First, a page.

Tag Archives: Driveway


We have winterization in our lexicon, but not the springtime equivalent. Regardless, that’s how I spent part of my Saturday.

I had four more windows replaced a couple weeks ago (both bathrooms, guest room and upstairs hallway – the latter used to funnel cold air directly into my bedroom), so I had no storm windows to put away this year. Now, I’ve replaced all the windows in the living areas of the house. All that remain are the back hallway, basement and front porch, none of which are a huge priority.

Tulips! And daffodils!

I also cleaned out a winter’s worth of detritus from my flower beds and backyard. I filled an entire yard bag with dead leaves and other junk, and was thrilled to find stuff already sprouting underneath. In the front beds, I had seen tulips beginning to grow, but after removing the leaves, I found daffodil sprouts, too. Along the back fence, I found the early shoots that will become June’s tiger lilies.

Inside, I drained and cleaned the humidifiers, and now they’re air drying until I store them for the summer. I dusted and organized.

Still to do:

The missing piece was finally found in the backyard once the snow melted.

Fix the soffit that the blizzard tore off the side of the garage. Though it’s not very high, it requires a ladder, and thus I won’t tackle this quick fix unless I have someone spot me. Especially at the back of the house, I’m wary of doing anything where I could fall and no one would notice.

Close, but not quite latchable

Fix the frost heave/front gate situation. A couple years ago, a frost heave appeared in the middle of my driveway. As soon as the weather warmed, it collapsed back into itself, enabling me to seal it and move on. A couple weeks ago, when I first tried to close the gates, I couldn’t get the gate over the heave. Now, it’s collapsed, so I can close the gates, but they’re misaligned so they don’t meet in the middle and latch. I’m weighing my options: raise up the gates (oh-so-heavy and cumbersome; would require a second and potentially third set of hands) and install new hinges, sand off the bottom of the gate that currently rests on the ground, or just leave hope that the warm weather adjusts the driveway a bit more.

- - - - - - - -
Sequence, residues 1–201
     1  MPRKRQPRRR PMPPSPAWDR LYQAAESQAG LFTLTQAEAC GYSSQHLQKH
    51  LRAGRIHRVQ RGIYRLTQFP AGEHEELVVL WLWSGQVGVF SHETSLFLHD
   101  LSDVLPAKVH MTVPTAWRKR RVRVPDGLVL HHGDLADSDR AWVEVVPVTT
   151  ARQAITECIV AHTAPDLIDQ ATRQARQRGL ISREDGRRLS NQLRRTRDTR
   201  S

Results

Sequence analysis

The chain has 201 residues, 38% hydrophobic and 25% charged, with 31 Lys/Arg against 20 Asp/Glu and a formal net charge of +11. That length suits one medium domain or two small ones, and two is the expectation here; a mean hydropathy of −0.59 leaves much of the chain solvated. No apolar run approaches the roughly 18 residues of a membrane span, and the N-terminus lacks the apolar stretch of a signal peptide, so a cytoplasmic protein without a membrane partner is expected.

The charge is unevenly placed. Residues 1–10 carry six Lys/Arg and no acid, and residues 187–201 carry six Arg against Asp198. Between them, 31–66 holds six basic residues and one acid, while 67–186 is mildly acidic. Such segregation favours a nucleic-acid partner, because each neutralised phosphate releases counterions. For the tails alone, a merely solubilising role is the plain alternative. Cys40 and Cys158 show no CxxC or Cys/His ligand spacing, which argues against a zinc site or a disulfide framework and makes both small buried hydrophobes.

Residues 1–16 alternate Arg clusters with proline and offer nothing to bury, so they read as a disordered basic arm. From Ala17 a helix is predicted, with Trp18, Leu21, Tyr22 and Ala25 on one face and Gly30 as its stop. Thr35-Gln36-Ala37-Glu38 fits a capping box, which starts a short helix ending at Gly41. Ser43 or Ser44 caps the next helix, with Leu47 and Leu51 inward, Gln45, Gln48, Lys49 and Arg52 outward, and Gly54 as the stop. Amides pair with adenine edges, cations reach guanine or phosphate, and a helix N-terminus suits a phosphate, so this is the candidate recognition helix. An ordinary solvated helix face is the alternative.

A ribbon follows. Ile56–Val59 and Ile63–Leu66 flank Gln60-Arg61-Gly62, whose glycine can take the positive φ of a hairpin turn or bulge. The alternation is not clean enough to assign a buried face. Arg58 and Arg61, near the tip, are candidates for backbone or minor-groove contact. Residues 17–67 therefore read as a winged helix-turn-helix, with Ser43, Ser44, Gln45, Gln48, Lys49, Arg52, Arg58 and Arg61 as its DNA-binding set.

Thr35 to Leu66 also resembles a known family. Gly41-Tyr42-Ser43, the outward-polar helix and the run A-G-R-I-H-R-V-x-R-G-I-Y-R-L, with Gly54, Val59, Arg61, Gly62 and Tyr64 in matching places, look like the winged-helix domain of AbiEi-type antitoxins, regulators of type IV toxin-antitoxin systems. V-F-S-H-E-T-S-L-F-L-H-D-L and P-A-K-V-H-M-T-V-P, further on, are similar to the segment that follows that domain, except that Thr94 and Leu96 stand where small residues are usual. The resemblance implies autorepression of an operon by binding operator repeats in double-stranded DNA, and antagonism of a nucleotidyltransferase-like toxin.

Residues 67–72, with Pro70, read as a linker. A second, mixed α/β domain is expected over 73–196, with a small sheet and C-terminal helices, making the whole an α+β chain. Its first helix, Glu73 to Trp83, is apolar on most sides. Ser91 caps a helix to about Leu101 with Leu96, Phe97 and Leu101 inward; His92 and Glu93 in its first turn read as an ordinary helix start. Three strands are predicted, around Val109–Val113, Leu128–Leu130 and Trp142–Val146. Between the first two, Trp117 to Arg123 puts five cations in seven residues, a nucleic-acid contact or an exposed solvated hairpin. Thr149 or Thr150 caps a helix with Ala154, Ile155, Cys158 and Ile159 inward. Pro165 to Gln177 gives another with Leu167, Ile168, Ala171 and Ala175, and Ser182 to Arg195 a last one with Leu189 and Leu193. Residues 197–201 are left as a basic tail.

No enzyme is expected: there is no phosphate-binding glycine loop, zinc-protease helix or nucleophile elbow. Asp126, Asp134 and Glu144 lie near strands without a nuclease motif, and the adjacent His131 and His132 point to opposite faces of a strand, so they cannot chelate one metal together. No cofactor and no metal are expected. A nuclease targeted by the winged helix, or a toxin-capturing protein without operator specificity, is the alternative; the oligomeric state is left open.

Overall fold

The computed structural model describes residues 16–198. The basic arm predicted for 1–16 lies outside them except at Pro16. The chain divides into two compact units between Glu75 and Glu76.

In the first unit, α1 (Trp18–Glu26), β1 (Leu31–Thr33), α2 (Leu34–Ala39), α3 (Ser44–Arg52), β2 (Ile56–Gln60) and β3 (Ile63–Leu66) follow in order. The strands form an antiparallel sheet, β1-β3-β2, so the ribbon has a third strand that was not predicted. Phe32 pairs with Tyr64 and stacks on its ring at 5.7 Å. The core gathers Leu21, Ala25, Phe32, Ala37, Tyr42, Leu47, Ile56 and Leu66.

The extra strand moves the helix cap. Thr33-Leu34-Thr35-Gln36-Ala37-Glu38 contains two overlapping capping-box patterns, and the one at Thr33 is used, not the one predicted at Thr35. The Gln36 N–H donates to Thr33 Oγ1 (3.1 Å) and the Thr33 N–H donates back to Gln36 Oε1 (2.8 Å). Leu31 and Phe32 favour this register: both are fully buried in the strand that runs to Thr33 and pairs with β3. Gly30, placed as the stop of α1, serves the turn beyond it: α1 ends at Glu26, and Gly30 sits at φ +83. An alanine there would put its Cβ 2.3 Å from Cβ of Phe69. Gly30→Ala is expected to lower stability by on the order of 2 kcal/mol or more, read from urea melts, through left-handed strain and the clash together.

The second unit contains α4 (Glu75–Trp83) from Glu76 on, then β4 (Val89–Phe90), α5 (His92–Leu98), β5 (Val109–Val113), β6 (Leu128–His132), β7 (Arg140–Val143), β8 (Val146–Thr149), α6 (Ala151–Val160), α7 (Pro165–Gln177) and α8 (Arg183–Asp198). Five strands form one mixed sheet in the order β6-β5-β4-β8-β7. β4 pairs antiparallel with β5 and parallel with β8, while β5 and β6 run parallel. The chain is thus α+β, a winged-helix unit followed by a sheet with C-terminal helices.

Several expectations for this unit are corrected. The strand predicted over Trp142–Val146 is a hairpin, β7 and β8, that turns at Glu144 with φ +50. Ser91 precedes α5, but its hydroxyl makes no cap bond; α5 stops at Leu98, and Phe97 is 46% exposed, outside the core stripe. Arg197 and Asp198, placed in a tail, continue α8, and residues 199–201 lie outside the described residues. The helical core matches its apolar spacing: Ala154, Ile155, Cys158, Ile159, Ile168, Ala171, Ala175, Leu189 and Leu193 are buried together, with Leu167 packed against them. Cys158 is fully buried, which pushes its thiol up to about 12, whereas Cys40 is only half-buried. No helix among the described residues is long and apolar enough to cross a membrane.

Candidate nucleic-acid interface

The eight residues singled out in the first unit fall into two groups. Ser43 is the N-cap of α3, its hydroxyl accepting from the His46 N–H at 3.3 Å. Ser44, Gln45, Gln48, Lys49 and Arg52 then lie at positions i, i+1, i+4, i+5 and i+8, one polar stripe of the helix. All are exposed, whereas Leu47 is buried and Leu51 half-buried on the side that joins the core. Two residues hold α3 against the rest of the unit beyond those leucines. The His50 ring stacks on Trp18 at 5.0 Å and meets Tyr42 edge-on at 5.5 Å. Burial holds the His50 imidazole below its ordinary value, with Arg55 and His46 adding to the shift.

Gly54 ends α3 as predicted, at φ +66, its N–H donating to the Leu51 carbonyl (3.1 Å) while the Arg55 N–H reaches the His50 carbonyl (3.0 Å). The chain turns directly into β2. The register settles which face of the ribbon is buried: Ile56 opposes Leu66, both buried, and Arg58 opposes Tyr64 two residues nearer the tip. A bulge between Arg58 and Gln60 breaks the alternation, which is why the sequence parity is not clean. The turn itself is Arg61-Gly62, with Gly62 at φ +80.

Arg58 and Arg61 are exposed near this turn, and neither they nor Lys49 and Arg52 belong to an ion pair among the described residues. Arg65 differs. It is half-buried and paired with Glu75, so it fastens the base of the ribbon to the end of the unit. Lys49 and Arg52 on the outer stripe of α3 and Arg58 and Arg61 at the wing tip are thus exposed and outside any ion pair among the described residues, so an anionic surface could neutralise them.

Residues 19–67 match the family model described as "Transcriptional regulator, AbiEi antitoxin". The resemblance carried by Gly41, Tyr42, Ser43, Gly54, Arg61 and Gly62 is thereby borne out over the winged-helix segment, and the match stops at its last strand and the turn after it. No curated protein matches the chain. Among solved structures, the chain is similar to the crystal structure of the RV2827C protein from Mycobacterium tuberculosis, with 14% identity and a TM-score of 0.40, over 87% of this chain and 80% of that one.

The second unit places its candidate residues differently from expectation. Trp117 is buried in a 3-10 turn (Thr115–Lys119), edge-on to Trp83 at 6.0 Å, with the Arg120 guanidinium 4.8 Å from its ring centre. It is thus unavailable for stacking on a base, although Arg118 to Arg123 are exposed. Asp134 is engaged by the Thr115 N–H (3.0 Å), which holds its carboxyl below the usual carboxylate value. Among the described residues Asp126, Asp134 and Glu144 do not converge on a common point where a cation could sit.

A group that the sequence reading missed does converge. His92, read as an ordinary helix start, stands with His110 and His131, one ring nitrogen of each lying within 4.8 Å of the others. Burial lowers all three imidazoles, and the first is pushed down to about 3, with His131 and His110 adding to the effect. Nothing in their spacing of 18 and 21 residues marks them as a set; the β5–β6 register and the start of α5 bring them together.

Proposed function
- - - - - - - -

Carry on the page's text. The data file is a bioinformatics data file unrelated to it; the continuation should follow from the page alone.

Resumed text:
Put away the boots and clean, clean, clean. I’m afraid that putting away my winter boots right now might tempt fate, so I’ll hold off at least another week on this one. I also need to pull out the hose, turn on the water and get ready to plant.

And I can’t wait to drag the patio furniture out for the year.

What do you have to do for spring?


I thought I was done with tar…

I spent nearly three hours this afternoon sitting on the driveway by the back door, trying to remove the tar that had splattered up onto the new storm door during our paving project. We had realized – too late, obviously – that we should drape a tarp over the door to ensure the splatter didn’t mar the pretty new door.

Since then, I’ve repainted the foundation to cover the splatters along the driveway. We tried a couple different products to remove the tar from the siding and back door, gingerly testing inconspicuous areas. One removed the finish from the aluminum siding entirely, exposing shiny metal!

Today, I finally decided to give it some real elbow grease. I grabbed the one that didn’t hurt the siding – a Turtle Wax bug and tar remover – and doused a couple square inches of the bottom of the door, then waited 10 minutes instead of the suggested one. Sponge in hand and fingers crossed, I rubbed until the tar bubbles began to give way. Hooray! It was a slow and tedious process, but I’ve done all that I believe is possible. A couple places now sport small yellow spots, but the paint will camouflage that. (We were planning to paint as part of the door project – once EVERYTHING was done – but didn’t want to just paint over the tar bumps.)

I also discovered late in the game that a toothbrush was much more effective than a sponge, which could have saved some thumb strain. But the effort was well worth it.


It’s been a busy few weeks!

I’ve been painting a ton. It started with the paint around the back door. But then, since I had the brushes, tarp and other fun tools out, I took on other painting projects.

Then, flipping through the pile of paint cans in the garage I tackled other projects. I also discovered that freeze/thaw cycles are not kind to paint. The previous owner had left a dozen or so paint cans in the garage, all labeled with the room they coated. Great, I thought when I found then can labeled, “Back hall.” By its weight, it felt about a quarter full – more than enough to touch up around the new back door where we had removed the trim. I patched everything, sanded it down, changed into painting clothes, set up my tarp and ladder, pried off the lid – and discovered jell-o. The paint had congealed into a layer of gelatinous goo, topped by clear liquid. Interesting stuff.